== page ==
What to Expect as a New Parent

Until you become a parent, the only human needs that really matter are your own, and maybe sometimes your partner’s. Having a baby completely throws a “me first” mentality off the rails. There are a plethora of courses to prepare parents for pregnancy and childbirth, but there’s not a lot of emphasis placed on what happens after the baby comes home. Here are a few tips and tricks to put you in a parent mindset, and help prepare you for the way your whole world is about to change.

Many of the new parents I work with are genuinely shocked that the structure of their lives is different once they have a baby. And I get it, it’s overwhelming to have your entire life disrupted by someone so tiny. But, keeping self-care in mind (see this post), it’s crucial that baby’s basic needs are prioritized over your additional needs. Basic needs for baby are sleep, milk, and comfort. Additional needs for parents include going out for dinner, going shopping to buy new workout clothes, making it to the 6am workout class you used to go to every morning. For example, if you’re the type of person who likes to go out every night, that type of social life will no longer be as sustainable. Babies need to sleep 12-14 hours a night, and a baby’s internal clock sets to a bedtime between 6:30 and 7:30 around 3 months. I’m not saying you don’t get to have a social life anymore, just that your social life has to work around your baby going to sleep in their usual sleeping place and that knowledge that you’ll be up in a few hours to feed them.

Having a baby can be a complete disruption of your social life and relationships, but it’s manageable and even wonderful if you’re properly prepared for it! Here are a few tips to help you start thinking about transitioning to parenthood and how to adjust your life to accommodate a newborn.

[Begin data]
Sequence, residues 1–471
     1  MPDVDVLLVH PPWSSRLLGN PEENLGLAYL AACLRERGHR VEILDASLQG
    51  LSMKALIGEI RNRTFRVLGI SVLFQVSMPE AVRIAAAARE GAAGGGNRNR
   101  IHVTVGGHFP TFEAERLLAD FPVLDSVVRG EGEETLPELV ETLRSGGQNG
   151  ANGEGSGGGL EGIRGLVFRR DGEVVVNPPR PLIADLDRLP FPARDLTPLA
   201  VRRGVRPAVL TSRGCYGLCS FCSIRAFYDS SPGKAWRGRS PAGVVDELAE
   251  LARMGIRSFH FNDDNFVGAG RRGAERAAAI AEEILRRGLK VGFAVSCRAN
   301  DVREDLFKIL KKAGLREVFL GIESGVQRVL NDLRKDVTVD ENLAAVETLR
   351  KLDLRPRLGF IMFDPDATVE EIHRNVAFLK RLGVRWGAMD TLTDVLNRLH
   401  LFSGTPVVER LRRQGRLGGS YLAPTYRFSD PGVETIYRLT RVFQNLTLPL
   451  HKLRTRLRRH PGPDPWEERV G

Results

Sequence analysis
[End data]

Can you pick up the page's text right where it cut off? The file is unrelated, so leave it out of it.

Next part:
1. Start slowing down. Time with a newborn moves slowly and that’s okay. If you’re the type of person who is go go go constantly, embrace this newborn stage as an opportunity to slow down and appreciate the pause. Try to let go of the pressure to get a lot done, and lean into inertia.

  2. If you’re the type of person who feels lost without lots of social interaction, ask friends to come to you! Invite friends to bring over dinner, but request that they leave before 9. Make plans to go on a walk in your neighborhood instead of trekking across town to meet someone. And always follow your baby’s cues! A happy baby usually means happy parents, and newborns can be so sensitive to new environments and overstimulation.

  3. START GOING TO BED EARLY. I cannot stress this one enough. I see so many families, especially clients I work with post-partum, completely flustered by sleep deprivation because they are staying up until midnight. I know it can seem appealing to stay up late to get some grown-up time while your baby sleeps, but the tired hangover the next day isn’t worth it. Many folks start to slow down while they’re pregnant anyway, but if you are adopting or have a surrogate, that natural inclination toward more rest may not be there. Try to aim for a bedtime of 10pm, it’ll help you to get the most sleep once you have an older infant who sleeps from 7pm to 6am.